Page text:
At the 2011 ASTC Annual Conference in Baltimore, a session entitled “Exhibit Evaluation: Useless Bureaucratic Hurdle or Valuable Tool?” sparked a particularly spirited discussion. The session had its origins in a provocative post on ASTC’s listserv (ISEN-ASTC-L) in January.
Held Monday, October 17, the session was moderated by Sam Taylor of Pittsburgh’s Carnegie Museum of Natural History. It began with a series of five-minute presentations addressing the question of evaluation’s value.
First, Dave Ucko, formerly of the U.S. National Science Foundation, highlighted evaluation’s usefulness in providing accountability to the federal government, adding to our knowledge base, continuing to professionalize the field, and strengthening projects.
Next, Charlie Carlson of San Francisco’s Exploratorium (who emphasized that his statements do not reflect the position of his institution) pointed out that there are lots of exhibits that have succeeded without formal evaluation. “[Evaluation] does not directly result in a memorable, positive visitor experience,” he said.
Martin Weiss of the New York Hall of Science in Queens disagreed, calling evaluation “extremely important,” but asserting that “our profession has to strive to make evaluation better and more usable.”
As the sole independent evaluator on the panel, Ellen Giusti remarked, “Charlie says we know when an exhibit is popular. Popularity is not always the key to success.” She stressed the value of evaluation in determining whether an exhibition’s goals have been met, and also reminded the audience that lessons learned from one project can be applied to the next.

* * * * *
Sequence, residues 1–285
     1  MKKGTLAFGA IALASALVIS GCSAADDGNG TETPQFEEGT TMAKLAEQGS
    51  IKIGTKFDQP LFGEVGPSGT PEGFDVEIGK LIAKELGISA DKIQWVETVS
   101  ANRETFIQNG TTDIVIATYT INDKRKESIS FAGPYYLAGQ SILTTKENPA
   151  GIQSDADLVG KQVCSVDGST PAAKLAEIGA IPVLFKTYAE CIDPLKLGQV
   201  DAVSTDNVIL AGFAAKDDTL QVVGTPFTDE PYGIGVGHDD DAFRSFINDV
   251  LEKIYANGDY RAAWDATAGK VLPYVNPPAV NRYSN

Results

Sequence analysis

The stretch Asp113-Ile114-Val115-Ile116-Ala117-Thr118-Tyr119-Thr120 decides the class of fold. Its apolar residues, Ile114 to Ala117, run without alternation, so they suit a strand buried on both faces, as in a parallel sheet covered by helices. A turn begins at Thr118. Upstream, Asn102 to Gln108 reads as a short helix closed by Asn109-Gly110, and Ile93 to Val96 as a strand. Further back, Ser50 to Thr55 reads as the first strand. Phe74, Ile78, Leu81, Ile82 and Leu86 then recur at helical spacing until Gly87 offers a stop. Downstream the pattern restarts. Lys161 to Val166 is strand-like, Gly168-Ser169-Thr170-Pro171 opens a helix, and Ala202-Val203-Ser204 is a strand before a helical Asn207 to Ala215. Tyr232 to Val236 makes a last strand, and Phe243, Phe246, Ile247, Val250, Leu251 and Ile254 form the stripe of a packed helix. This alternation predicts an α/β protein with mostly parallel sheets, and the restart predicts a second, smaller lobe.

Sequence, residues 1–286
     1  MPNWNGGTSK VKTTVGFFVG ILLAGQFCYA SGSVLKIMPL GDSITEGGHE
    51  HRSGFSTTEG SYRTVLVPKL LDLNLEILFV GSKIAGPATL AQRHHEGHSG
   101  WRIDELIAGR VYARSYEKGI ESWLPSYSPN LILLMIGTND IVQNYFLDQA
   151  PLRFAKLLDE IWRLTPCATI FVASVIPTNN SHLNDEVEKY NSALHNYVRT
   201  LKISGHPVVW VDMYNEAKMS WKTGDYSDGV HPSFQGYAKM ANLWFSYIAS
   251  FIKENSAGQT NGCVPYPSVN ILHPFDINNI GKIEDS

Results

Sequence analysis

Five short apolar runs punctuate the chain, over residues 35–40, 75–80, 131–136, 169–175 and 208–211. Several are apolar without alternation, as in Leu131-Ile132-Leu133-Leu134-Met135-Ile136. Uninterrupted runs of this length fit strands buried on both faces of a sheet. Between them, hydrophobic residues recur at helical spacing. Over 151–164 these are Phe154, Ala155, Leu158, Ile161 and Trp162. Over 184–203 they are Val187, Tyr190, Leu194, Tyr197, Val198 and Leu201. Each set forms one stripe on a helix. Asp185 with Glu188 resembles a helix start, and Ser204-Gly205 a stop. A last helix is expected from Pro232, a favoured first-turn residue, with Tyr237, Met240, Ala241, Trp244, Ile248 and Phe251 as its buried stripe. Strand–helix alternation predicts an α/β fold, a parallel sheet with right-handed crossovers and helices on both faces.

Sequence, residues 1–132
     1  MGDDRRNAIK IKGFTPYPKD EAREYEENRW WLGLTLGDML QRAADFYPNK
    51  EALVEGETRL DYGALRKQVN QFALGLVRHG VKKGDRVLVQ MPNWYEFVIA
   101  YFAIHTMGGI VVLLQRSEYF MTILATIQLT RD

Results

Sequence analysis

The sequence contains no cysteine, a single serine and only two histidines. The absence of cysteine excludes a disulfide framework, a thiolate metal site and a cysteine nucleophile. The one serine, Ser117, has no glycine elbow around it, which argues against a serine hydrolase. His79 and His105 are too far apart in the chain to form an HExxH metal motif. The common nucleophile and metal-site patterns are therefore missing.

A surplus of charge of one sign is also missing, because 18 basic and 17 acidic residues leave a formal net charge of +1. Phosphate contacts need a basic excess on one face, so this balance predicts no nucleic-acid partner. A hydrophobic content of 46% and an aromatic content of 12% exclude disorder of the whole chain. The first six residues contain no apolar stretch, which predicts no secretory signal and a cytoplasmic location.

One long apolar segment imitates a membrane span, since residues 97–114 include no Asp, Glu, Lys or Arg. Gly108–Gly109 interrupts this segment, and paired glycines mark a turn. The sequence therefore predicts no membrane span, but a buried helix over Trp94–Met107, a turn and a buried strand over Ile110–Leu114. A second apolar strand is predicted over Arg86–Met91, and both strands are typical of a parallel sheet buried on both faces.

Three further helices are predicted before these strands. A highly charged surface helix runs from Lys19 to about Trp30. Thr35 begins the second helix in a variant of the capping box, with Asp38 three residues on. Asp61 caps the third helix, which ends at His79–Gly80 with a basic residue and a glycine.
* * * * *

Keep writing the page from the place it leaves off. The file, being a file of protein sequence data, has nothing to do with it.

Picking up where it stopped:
Finally, Paul Orselli of Paul Orselli Workshop (POW!) in Baldwin, New York, discussed the importance of having internal capacity for both exhibition development and evaluation, as well as the need to diversify evaluation. “We’ve sort of built up what I would characterize as evaluation monoculture,” he said. “I wonder if we could widen the view of notions of evaluation, so real physical prototyping becomes a more valued part of this, and exhibit people become more truly part of a partnership [with evaluators].”
Next the question was put to the crowd, which included exhibit developers, evaluators, and other professionals from around the world. An impassioned debate ensued. Here are some comments from this discussion:
• “Peer evaluation in some safe setting—a discourse about what’s worked and what hasn’t—would be more useful than professional evaluators’ feedback.”
• “Evaluation has tilted toward how people are changed after seeing an exhibition. There’s not enough emphasis on what people do and see in the exhibition…That’s why people go to museums, not because they [ask themselves], ‘What are the cognitive outcomes our kids will have?’”
• “Evaluation is one way to learn about what we do and the effect of what we do on our visitors—one way to learn about our own practice. I view it as a learning tool, and that keeps me going because I don’t know everything and I never will.”
• “I think evaluation should be like a visit from the health department to a café. They can show up at any time and gather information. It ought to be that the Spanish Inquisition can descend on your exhibition and really give you a bad time. That would be much more exciting.”
• “In evaluations, it’s easy to learn about all the things the project achieved, but you really have to squint to see what failed. We should put a book together of failed projects—that’s how the field advances.”
• “If you want future funding, the only way to get it is to have positive report. I find that very problematic. [It makes it] difficult to actually get honest evaluations.”
• “It should be a requirement that 10% of exhibit project money is left after the exhibit opens so you can actually go back and do remedial work to make it a truly great exhibit.”
• “You can’t measure everything that matters and everything that matters can’t necessarily be measured.”
• “If you just toss out the first idea you have and it works, congratulations…but it helps to have an outside person to say, ‘Let’s walk through the data. What do we have to do to make that work?’”